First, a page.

Herb: Hag Briar
Latin name: Smilax hispida
Synonyms: Smilax tamnoides hispida
Family: Smilacaceae (Greenbrier Family)
Medicinal use of Hag Briar:The stem prickles have been rubbed on the skin as a counter-irritant to relieve localised pains, muscle cramps and twitching. A tea made from the leaves and stems has been used in the treatment of rheumatism and stomach problems. The wilted leaves are applied as a poultice to boils. A tea made from the roots is used to help the expelling of afterbirth. Reports that the roots contain the hormone testosterone have not been confirmed, they might contain steroid precursors, however.
Description of the plant:
Habitat of the herb:Rich, often calcareous, soils in woods, thickets and bottoms.
Edible parts of Hag Briar:Leaves and young shoots - raw or cooked. Root - cooked. It can be dried, ground into a powder and then used with cereals for making bread etc. It can also be used as a gelatine substitute.
Propagation of the herb:Seed - sow March in a warm greenhouse. This note probably refers to the tropical members of the genus, seeds of plants from cooler areas seem to require a period of cold stratification, some species taking 2 or more years to germinate. We sow the seed of temperate species in a cold frame as soon as we receive it, and would sow the seed as soon as it is ripe if we could obtain it then. When the seedlings eventually germinate, prick them out into individual pots when they are large enough to handle and grow them on in the greenhouse for at least their first year, though we normally grow them on in pots for 2 years. Plant them out into their permanent positions in early summer. Division in early spring as new growth begins. Larger divisions can be planted out direct into their permanent positions. We have found it best to pot up the smaller divisions and grow them on in a lightly shaded position in a cold frame, planting them out once they are well established in the summer. Cuttings of half-ripe shoots, July in a frame.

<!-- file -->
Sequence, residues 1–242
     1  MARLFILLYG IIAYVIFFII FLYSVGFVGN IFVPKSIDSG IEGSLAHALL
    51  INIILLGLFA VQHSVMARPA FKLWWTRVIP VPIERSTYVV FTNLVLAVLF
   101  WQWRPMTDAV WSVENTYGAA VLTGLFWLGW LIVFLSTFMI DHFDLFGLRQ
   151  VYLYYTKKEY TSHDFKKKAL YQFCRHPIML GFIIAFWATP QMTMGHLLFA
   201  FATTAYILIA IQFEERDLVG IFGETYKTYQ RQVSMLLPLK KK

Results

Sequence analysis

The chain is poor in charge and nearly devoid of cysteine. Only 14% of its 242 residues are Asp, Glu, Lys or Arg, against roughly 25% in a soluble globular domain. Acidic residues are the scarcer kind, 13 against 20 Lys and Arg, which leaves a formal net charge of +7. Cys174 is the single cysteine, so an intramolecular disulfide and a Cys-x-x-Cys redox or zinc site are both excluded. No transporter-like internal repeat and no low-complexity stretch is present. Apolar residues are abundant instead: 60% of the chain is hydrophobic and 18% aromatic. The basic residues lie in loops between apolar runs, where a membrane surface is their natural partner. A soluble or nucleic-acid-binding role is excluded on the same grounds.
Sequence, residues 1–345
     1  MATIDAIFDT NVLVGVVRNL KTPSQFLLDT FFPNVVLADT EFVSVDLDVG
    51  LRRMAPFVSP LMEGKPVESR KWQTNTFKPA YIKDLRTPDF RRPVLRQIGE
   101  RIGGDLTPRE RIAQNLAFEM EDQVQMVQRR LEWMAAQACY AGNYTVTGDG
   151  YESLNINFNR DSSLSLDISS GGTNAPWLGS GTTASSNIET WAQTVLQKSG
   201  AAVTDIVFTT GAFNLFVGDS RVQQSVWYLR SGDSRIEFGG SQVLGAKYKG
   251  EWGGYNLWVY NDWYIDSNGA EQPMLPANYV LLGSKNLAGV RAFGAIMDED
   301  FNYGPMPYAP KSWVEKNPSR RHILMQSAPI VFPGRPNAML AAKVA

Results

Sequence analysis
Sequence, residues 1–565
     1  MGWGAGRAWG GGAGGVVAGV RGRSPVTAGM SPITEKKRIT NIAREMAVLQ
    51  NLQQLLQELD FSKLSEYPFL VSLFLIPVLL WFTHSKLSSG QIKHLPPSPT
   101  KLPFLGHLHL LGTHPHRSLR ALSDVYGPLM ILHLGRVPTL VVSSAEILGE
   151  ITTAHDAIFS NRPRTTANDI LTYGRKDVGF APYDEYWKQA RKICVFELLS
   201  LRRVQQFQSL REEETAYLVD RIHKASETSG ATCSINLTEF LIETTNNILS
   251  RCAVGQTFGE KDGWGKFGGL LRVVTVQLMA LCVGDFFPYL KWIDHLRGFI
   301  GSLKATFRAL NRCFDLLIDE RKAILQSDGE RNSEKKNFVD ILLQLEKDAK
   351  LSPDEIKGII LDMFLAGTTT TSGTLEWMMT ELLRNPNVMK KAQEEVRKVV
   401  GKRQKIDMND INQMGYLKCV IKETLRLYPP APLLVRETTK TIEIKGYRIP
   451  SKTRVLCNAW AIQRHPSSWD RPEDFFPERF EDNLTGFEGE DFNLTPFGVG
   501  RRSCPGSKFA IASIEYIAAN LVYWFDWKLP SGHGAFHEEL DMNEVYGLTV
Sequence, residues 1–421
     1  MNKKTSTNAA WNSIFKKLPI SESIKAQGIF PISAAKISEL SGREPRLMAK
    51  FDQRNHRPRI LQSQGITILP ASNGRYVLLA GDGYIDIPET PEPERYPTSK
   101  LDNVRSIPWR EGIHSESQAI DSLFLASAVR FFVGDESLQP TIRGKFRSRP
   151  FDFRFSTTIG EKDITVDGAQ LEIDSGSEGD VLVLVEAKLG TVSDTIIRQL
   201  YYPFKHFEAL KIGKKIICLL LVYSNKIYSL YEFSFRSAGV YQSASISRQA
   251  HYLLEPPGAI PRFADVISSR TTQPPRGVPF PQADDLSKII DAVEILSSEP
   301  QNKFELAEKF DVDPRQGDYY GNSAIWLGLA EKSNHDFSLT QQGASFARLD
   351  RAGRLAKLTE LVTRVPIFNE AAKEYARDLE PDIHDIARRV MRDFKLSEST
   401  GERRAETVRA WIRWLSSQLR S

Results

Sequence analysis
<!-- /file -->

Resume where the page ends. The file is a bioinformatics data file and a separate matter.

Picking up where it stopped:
Cultivation of Hag Briar:Rich, often calcareous, soils in woods, thickets and bottoms.
Known hazards of Smilax hispida:None known
Plant information taken from the Plants For A Future.